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Coffee Coffee Owner Is a Thief, Say Over a Dozen of His Employees

Workers at both locations say Ricky Hernandez hasn’t paid them for weeks, and has failed to pay them consistently for years.

A group of protestors stands outside of Coffee Coffee restaurant; their signs read "Honk 4 Workers' Rights" and "This man owes us money."
Workers at Coffee Coffee strike, demanding their boss, Ricky Hernandez, pay them wages they are owed.

Amidst a surge of local worker organizing, Coffee Coffee, the popular upscale coffee shop with locations on Fairfax and Melrose Avenues, has been closed for over a week because its employees refuse to work without pay.

Almost every single employee of Coffee Coffee met at the Melrose location on Friday, December 16, hoping to receive their paychecks, which were already 11 days late. Owner Ricky Hernandez said he’d be there with the checks at 11:30 AM. Instead, he spent the day individually texting them messages like “it takes time” and “I’m a small business” and promising to pay later.

The workers told Knock LA they loved the coffee shop; they have fun together and like their regular customers, and they wanted to be patient with Hernandez and believe his excuses.

But this behavior has been going on for at least six years, causing employees to fall behind on rent and car payments, cancel travel plans, and even lose partial access to their bank accounts due to repeated attempts to deposit checks that bounced.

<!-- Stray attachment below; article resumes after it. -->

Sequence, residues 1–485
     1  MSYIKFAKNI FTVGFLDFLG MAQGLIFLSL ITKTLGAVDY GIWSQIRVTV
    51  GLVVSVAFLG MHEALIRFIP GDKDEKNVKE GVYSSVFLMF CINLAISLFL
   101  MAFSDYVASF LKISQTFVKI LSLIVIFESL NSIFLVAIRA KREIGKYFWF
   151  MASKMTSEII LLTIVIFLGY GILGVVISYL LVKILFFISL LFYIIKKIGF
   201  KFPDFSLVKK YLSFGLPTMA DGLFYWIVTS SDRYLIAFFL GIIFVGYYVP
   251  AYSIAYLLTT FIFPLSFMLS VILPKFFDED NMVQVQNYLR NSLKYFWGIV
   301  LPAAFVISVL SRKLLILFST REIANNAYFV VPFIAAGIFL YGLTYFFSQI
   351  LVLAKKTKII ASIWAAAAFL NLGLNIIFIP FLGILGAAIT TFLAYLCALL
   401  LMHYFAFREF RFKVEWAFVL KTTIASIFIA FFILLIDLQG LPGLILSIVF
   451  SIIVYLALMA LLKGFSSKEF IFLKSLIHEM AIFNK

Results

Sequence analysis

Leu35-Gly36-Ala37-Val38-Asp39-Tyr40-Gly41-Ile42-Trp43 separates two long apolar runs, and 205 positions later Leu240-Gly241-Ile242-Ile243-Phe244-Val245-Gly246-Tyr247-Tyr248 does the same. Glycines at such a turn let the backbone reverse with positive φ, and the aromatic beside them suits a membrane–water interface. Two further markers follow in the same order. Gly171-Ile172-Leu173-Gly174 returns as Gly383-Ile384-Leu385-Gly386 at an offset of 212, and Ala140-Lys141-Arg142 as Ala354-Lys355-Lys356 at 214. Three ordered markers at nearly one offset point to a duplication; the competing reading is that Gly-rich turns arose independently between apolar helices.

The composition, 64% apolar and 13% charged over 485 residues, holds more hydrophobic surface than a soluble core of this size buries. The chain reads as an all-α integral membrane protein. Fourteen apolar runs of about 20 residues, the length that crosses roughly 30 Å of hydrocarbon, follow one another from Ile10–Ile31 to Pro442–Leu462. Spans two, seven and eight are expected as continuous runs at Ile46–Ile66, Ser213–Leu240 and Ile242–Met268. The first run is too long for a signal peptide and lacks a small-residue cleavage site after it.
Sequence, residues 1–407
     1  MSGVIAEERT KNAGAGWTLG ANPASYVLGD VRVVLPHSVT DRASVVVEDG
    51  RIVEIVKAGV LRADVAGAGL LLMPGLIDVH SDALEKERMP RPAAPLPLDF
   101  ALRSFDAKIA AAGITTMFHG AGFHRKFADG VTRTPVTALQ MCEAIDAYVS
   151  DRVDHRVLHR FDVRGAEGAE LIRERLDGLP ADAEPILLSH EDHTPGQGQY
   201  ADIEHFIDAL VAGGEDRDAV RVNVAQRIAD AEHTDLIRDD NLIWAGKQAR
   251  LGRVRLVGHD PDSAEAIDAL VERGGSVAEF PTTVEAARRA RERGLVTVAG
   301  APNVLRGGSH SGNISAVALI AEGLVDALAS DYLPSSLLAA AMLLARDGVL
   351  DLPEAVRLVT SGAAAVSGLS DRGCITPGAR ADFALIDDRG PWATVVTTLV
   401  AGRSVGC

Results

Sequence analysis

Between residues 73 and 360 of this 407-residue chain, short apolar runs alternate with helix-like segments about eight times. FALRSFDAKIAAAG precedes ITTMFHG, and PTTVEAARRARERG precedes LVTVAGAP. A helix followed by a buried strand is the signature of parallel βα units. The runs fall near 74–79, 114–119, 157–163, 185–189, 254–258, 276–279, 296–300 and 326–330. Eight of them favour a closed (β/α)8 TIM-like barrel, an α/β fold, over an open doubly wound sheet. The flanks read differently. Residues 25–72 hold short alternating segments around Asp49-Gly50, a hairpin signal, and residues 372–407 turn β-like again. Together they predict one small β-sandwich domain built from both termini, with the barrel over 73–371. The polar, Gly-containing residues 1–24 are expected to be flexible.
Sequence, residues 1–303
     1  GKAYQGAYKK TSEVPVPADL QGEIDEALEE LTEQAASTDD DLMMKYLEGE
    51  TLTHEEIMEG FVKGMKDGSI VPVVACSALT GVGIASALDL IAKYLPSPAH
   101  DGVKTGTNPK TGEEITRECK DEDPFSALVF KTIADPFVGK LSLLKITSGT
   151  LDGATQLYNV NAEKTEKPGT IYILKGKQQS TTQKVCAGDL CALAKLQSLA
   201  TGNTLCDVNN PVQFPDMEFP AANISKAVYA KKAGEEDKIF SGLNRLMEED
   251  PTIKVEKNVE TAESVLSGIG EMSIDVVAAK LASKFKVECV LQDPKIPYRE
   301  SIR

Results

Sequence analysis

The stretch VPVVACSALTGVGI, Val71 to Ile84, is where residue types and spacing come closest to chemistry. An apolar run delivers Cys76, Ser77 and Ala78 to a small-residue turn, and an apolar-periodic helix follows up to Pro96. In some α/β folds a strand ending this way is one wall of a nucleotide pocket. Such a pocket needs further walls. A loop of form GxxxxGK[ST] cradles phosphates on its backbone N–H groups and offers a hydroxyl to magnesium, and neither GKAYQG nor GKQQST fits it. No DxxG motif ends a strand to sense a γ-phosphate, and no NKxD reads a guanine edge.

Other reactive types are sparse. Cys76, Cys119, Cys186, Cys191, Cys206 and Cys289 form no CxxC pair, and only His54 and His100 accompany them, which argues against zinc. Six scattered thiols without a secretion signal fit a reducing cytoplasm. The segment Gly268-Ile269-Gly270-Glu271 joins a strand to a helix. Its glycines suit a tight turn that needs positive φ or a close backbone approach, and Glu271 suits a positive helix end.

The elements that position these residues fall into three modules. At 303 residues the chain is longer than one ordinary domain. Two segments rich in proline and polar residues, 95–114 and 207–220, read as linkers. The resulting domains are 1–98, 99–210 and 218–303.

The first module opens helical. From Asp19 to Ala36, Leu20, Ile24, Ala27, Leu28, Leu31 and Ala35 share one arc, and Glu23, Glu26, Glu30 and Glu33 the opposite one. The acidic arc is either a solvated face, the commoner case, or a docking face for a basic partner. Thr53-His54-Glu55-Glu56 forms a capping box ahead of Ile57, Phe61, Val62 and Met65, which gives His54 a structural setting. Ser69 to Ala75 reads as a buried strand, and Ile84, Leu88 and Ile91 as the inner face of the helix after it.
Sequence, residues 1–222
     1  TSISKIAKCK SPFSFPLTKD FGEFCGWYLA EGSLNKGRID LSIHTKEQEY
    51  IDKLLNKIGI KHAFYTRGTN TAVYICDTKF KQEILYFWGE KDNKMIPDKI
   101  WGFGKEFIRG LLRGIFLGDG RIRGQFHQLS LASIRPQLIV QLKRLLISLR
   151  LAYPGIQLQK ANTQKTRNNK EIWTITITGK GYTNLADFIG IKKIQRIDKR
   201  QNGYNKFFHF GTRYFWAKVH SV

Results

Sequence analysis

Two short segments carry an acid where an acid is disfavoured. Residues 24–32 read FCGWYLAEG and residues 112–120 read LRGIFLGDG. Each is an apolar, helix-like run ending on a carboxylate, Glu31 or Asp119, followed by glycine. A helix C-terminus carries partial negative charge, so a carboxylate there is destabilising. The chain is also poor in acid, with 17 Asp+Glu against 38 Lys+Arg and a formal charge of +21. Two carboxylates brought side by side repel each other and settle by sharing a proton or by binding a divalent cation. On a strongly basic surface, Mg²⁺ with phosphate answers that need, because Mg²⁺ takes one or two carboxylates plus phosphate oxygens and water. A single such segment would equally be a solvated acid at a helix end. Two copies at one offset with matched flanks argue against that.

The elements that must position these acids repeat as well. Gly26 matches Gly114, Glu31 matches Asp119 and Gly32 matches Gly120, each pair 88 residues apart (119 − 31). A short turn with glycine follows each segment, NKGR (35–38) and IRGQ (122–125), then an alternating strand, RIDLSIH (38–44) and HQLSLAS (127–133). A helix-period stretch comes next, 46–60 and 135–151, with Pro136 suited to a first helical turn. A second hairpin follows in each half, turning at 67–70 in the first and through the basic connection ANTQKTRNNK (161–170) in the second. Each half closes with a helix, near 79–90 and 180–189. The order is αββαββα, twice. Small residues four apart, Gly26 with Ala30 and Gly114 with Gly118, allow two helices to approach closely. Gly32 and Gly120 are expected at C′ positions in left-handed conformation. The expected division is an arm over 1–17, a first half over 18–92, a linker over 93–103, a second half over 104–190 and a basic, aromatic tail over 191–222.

Frustrated workers organized a shared folder with screenshots of text message exchanges with Hernandez. In these messages, reviewed by Knock LA, workers regularly ask, cajole, nudge, and remind Hernandez to pay them correctly. One employee requested their paycheck “so that my family has money to eat,” and Hernandez replied the next day: “Hey I’m just waking up got back to Bali last night from an island, didn’t have reception there [sic].” To another request for pay, he replied “I’m in vegas [sic].”

According to these screenshots, as well as conversations with workers, when Hernandez did deliver paychecks, he frequently asked employees to wait days before depositing them so he could gather the funds, and then responded with surprise when the checks bounced. He frequently paid with Zelle or with cash, pulling his new Tesla into a nearby parking lot and asking workers to come meet him at the curb for the cash. Or he’d hire an Uber Delivery driver to bring loose personal checks to workers at their houses or at the store.

“He doesn’t show his face at the store because so many people are looking for him,” said Vanessa Law, a barista at the Fairfax store.

Coffee suppliers came by the store asking about thousands of dollars Hernandez owed them. The restaurant’s landlord served eviction notices stemming from $10,000 in unpaid rent. Debt notices stacked up: AT&T canceled phone service due to over $20,000 in unpaid bills, the water bill went unpaid for two years, and the California Tax Board sent reminders of his outstanding debts. Sheriffs came by looking for Hernandez.